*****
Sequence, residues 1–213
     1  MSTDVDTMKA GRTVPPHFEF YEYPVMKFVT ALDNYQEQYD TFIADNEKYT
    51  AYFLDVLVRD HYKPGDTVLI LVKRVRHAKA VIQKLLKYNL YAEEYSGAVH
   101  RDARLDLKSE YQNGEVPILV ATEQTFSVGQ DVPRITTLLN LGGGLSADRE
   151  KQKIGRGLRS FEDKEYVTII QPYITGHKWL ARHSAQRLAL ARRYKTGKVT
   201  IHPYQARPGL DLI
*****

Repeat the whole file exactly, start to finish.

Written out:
Sequence, residues 1–213
     1  MSTDVDTMKA GRTVPPHFEF YEYPVMKFVT ALDNYQEQYD TFIADNEKYT
    51  AYFLDVLVRD HYKPGDTVLI LVKRVRHAKA VIQKLLKYNL YAEEYSGAVH
   101  RDARLDLKSE YQNGEVPILV ATEQTFSVGQ DVPRITTLLN LGGGLSADRE
   151  KQKIGRGLRS FEDKEYVTII QPYITGHKWL ARHSAQRLAL ARRYKTGKVT
   201  IHPYQARPGL DLI